campus

GVL / Ben Hunt

Department of Movement Science to offer new "supermajor" Fall 2020

Grand Valley State University’s Department of Movement Science will offer a new, comprehensive dual major option to students beginning Fall 2020; coined a “supermajor” by Associate Professor Ingrid Johnson, this new option will allow students to earn degrees in both Health Education and Physical Education. Students who fulfill requirements for the major will be certified to teach both health and physical education classes from pre-kindergarten through grade 12. 

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Janine Joseph and Oliver Baez Bendorf. Courtesy / Jaclyn Heward and Cate Berry

GV Writers Series features two accomplished authors

On Thursday, March 14, Grand Valley State University’s Writing Department hosted two poets, Janine Joseph and Oliver Baez Bendorf, as part of the Writers Series.  According to the writing department’s website, “The Grand Valley Writers Series has a long history of bringing distinguished and emerging writers to campus to read from their work, visit classes and interact with students across GVSU's campus.”

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Courtesy / GVSU Fishladder

GV's 'fishladder' promotes student voices through art

Since 1970, students at Grand Valley State University have submitted their work for publication to the university’s art journal, fishladder. Originally called Amaranthus and Italics, the journal seeks art, photography, drama, poetry and creative writing to promote student work and spark discussion. Fishladder is student-run, including submitters, editors and layout staff, with a new magazine released each April. 

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Grand Valley’s Orchestra performing February 19 in the Cook-DeWitt Center under the direction of Henry Duitman.  GVL / Andrew Nyhof

GV professors showcased in faculty concert

While Grand Valley State University music students often undergo juries and recitals, professors got to take their turn on Feb. 19 with the Faculty with Strings concert. The performance featured music faculty with the GVSU Chamber Orchestra, directed by conducting professor Henry Duitman. Three professors were showcased as soloists: voice professors Alexander Hahn and Jennifer Sung and clarinet professor Gary June.

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Students work inside the Mary Idema Pew Library on Wednesday, March 29, 2017. GVL / Hannah Zajac 

Subscription inflation, enrollment dips cause library budget cuts

Grand Valley State University’s libraries is in the preliminary process of cutting over $800,000 for its collections budget to combat the rising prices of subscription-based services and an absence of bonus funds from the Provost’s office. In a January 2019 memo from University Libraries, the process will include the collection of feedback from students and faculty to ultimately make cancellations to journals and databases by January 2020.  Associate Dean of Curation, Publishing and Preservation Services Jeffery Daniels said that out of the library’s approximate budget of $12 million, there is little wiggle room in finding ways to cut costs. Nearly $6 million of those funds supports faculty and staff and approximately $5.2 million is set aside for collections, with the remaining funds being used for library upkeep and support, such as furniture and technology maintenance.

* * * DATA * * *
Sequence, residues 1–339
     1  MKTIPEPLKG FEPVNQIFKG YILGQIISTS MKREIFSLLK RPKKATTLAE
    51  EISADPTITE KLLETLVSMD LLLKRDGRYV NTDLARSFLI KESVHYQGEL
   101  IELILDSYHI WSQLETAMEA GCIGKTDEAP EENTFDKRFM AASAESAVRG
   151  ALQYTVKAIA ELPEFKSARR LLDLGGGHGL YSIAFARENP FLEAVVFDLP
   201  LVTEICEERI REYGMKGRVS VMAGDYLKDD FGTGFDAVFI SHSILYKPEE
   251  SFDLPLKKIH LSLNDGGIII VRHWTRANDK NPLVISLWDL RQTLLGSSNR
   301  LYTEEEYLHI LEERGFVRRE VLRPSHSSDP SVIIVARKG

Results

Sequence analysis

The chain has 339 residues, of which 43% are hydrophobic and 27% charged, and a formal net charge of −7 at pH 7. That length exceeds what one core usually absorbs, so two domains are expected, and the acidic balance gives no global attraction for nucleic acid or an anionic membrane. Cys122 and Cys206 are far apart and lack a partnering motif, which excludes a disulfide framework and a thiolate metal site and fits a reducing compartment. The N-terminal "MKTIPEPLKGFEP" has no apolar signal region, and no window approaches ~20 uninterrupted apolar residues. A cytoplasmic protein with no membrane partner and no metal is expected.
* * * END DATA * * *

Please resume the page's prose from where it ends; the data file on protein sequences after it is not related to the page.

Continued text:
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When the library must make cuts, students bleed

When a person decides to further their education and pursue a degree, the availability of credible educational resources is just as important as which institution and which program they select. A well-organized and well-staffed library is arguably the single most important tool any student or scholar could ever utilize. That being said, Grand Valley State University’s lack of $800,000 to supplement the University Libraries budget by January 2020 would be counterproductive as it pertains to giving students and instructors the access they need to subscription-based academic journals and other valuable academic resources.

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Students getting food at Kleiner Commons. GVL / Andrew Nyhof

Board of Trustees approves housing, meal plan price increases for 2019-20 school year

Friday, Feb. 8, Grand Valley State University’s Board of Trustees approved price increases for on-campus housing and meal plans for the 2019-2020 academic year. The unanimous vote increased housing costs by $17 per semester and main meal plan costs by $50 per semester. The total increase was 2.2 percent, a $1.2 million increase overall.  The decision by the board was reached following reviews of GVSU’s tuition costs, as well as the costs of facility operations and student employment. Each year, the board addresses the housing and dining rates in February and tuition rates in July. The July date gives the administration time to factor in enrollment numbers for the fall in calculating tuition rates it proposes to trustees.

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GVL / Ben Hunt

GV Opera Theatre showcases 'Wonderful Town'

On Friday, Feb. 15, Grand Valley State University’s Opera Theatre presented “Wonderful Town,” a production originally created by composer Leonard Bernstein and lyricists Betty Comden and Adolph Green. GVSU's run of the productions began the weekend of Feb. 8 and wrapped the following weekend on Feb. 17.

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